Distributed Teams: A Test Failing Because It’s Run West of Newfoundland and Labrador

(( Not quite 500 mile email-level of nonsense, but might be the closest I get. ))

A test was failing.

Not really unusual, that. Tests fail all the time. It’s how we know they’re good tests: protecting us developers from ourselves.

But this one was failing unusually. Y’see, it was failing on my machine.

(Yes, har har, it is a common-enough occurrence given my obvious lack of quality as a developer how did you guess.)

The unusual part was that it was failing only for me… and I hadn’t even touched anything yet. It wasn’t failing on our test infrastructure “try”, and it wasn’t failing on the machine of :raphael, the fellow responsible for the integration test harness itself. We were building Firefox the same way, running telemetry-tests-client the same way… but I was getting different results.

I fairly quickly locked down the problem to be an extra “main” ping with reason “environment-change” being sent during the initial phases of the test. By dumping some logging into Firefox, rebuilding it, and then routing its logs to console with --gecko-log "-" I learned that we were sending a ping because a monitored user preference had been changed: browser.search.region.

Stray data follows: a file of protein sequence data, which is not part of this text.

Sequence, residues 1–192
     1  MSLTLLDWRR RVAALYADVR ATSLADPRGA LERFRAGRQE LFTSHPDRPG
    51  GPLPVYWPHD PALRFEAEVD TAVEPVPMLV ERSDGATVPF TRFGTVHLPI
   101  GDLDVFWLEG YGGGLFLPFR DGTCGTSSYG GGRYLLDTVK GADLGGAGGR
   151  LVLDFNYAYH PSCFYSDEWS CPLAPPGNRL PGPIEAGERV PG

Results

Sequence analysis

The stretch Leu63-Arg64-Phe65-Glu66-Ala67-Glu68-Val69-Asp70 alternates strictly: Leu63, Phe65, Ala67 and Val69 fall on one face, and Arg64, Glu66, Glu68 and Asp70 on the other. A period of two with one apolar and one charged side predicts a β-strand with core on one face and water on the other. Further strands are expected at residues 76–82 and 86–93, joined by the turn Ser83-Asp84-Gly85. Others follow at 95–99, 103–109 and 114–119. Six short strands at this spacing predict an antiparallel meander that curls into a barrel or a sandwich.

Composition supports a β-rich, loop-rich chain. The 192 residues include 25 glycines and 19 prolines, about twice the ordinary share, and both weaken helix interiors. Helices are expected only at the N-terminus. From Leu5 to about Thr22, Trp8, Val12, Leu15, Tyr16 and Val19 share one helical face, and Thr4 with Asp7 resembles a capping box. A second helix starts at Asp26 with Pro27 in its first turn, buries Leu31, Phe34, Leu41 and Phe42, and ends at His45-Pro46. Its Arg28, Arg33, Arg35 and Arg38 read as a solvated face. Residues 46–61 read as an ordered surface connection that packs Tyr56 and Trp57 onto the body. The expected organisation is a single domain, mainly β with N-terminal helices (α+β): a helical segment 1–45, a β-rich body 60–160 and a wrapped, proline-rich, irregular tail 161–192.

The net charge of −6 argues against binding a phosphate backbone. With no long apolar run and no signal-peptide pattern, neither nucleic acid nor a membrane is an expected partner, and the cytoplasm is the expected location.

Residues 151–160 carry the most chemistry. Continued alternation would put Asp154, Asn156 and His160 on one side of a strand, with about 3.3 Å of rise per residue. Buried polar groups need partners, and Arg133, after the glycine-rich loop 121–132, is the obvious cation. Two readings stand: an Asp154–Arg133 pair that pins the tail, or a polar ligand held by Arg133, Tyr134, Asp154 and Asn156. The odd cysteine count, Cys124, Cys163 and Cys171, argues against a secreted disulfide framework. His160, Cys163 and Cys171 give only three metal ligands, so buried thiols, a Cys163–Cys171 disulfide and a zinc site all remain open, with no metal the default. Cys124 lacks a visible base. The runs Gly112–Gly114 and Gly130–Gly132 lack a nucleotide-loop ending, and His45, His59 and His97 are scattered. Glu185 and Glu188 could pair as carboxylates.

When Firefox starts up the first time, it doesn’t know where it is. And it needs to know where it is to properly make a first guess at what language you want and what search engines would work best. Google’s results are pretty bad in Canada unless you use “google.ca”, after all.

But while Firefox doesn’t know where it is, it does know is what timezone it’s in from the settings in your OS’s clock. On top of that it knows what language your OS is set to. So we make a first guess at which search region we’re in based on whether or not the timezone overlaps a US timezone and if your OS’ locale is `en-US` (United States English).

What this fails to take into account is that United States English is the “default” locale reported by many OSes even if you aren’t in the US. And how even if you are in a timezone that overlaps with the US, you might not be there.

So to account for that, Mozilla operates a location service to double-check that the search region is appropriately set. This takes a little time to get back with the correct information, if it gets back to us at all. So if you happen to be in a US-overlapping timezone with an English-language OS Firefox assumes you’re in the US. Then if the location service request gets back with something that isn’t “US”, browser.search.region has to be updated.

And when it updates, it changes the Telemetry Environment.